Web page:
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Statistics for Linguistics Students

Statistics for Linguistics Students. Michaelmas 2004 Week 5 Bettina Braun www.phon.ox.ac.uk/~bettina. Overview. P-values How can we tell that data are taken from a normal distribution? Speaker normalisation Data aggregation Practicals Non-parametric tests. p-values.

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Statistics for Linguistics Students

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  1. Statistics for Linguistics Students Michaelmas 2004 Week 5 Bettina Braun www.phon.ox.ac.uk/~bettina

  2. Overview • P-values • How can we tell that data are taken from a normal distribution? • Speaker normalisation • Data aggregation • Practicals • Non-parametric tests

  3. p-values • p-values for all tests tell us whether or not to reject the null hypothesis (and with what confidence) • In linguistic research, a confidence level of 95% is often sufficient, some use 99% • This decision is up to you. Note that the more stringent your confidence level, the more likely is a type II error (you don’t find a difference that is actually there)

  4. p-values • If you decide for a p-value of 0.05 (95% certainty that there indeed is a significant difference), then a value smaller than 0.05 indicates that you can reject the null-hypothesis • Remember: the null-hypothesis generally predicts that there is no difference • If we find an output saying p = 0.000, we cannot certainly say that it is not 0.00049; so we generally say p < 0.001

  5. p-values • So, in a t-test, if you have p = 0.07 means that you cannot reject the null hypothesis that there is no difference there is no significant difference between the two groups • In the Levene test for homogenity of variances, if p = 0.001, then you have to reject the null-hypothesis that there is no difference so there is a difference in the variances for the two groups

  6. Kolmogorov-Smirnov test • Parametric tests assume that the data are taken from normal distributions • Kolmogorov-Smirnov test can be used to compare actual data to normal distribution -- the cumulative probabilities of values in the data are compared with the cumulative probabilities in a theoretical normal distribution • Null-hypothesis: your sample is taken from a normal distribution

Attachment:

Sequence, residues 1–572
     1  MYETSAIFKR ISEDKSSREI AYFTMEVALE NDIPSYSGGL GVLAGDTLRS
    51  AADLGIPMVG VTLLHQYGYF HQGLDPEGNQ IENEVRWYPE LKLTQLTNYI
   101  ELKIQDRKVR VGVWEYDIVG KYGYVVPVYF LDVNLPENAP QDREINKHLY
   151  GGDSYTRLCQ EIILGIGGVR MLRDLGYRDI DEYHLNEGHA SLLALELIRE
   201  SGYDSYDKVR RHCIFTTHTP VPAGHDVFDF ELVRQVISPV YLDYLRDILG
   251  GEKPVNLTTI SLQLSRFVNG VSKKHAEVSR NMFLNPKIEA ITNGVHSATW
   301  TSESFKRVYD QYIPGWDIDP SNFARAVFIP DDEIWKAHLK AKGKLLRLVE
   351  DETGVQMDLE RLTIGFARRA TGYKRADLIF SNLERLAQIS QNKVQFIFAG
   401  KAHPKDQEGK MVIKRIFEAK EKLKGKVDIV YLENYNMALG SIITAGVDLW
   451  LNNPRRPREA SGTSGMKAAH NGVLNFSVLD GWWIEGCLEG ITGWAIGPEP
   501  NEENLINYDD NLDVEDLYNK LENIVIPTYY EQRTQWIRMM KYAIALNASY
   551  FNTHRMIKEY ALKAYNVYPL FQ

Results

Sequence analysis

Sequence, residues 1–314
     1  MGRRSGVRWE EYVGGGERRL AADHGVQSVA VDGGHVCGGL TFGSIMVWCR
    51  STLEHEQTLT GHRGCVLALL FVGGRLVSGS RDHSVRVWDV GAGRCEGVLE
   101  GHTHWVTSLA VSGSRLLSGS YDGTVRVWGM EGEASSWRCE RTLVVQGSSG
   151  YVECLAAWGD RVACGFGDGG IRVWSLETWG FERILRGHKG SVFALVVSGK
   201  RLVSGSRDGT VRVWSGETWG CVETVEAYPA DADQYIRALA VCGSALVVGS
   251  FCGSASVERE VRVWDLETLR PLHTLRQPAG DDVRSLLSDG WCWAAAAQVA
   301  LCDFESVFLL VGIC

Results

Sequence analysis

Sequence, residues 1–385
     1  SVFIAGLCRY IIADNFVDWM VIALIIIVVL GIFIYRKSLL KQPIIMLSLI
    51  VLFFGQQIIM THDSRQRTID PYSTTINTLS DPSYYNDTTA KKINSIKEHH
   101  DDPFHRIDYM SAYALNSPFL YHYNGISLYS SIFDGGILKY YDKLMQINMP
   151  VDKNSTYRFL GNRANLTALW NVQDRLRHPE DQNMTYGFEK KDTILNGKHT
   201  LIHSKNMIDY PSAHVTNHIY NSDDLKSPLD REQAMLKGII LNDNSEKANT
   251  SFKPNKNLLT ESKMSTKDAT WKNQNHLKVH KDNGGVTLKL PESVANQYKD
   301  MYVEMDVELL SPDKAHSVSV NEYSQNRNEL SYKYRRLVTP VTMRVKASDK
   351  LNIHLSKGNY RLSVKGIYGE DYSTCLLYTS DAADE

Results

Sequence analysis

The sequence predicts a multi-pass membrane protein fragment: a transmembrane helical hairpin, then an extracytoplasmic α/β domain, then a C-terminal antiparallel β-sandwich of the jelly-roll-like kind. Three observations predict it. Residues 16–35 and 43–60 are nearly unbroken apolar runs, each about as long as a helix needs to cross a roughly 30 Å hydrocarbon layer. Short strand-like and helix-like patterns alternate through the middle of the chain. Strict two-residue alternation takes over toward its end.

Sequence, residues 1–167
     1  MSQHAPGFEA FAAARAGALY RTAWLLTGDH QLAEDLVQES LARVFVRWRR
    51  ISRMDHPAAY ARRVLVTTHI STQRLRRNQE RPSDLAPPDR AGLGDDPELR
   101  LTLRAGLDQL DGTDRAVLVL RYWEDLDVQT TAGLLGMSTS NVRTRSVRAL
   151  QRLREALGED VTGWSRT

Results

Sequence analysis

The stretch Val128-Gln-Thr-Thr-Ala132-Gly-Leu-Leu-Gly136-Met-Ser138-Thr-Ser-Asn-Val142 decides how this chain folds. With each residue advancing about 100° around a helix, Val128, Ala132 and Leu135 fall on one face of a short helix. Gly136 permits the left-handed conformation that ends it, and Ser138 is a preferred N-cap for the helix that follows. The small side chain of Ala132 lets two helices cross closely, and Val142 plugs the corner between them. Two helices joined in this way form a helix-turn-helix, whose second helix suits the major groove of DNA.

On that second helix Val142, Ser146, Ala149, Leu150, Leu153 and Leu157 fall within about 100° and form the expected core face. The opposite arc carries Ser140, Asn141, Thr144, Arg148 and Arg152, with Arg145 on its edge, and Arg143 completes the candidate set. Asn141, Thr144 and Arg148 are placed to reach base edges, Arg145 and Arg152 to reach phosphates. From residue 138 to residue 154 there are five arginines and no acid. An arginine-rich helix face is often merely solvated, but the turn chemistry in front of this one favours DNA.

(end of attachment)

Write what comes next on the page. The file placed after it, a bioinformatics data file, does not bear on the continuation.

7. Kolmogorov-Smirnov test • Non-parametric test • Kolmogorov-Smirnoff statistic is the greatest difference in cumulative probabilities across range of values • If its value exceeds a threshold, null-hypothesis is to be rejected

  8. Kolmogorov-Smirnov test • Kolmogorov test is not significant, i.e. the null-hypothesis that our sample is drawn from a normal distribution holds • The distribution can therefore be assumed to be normal: Kolmogorov-Smirnov Z = 0.59; p = 0.9

  9. Speaker normalisation • We often collect data from different subjects but we are not interested in the speaker differences (e.g. mean pitch height, average speaking rate) • We can convert the data to z-scores (which tell us how many sd away a given score is from the speaker mean)

  10. Speaker normalisation in SPSS • First, you have the split the file according to the speakers (Data -> split file)

  11. Speaker normalisation in SPSS • Then, Analyze -> Descriptive Statistics -> Descriptives • This will create an output, but also a new column with z-values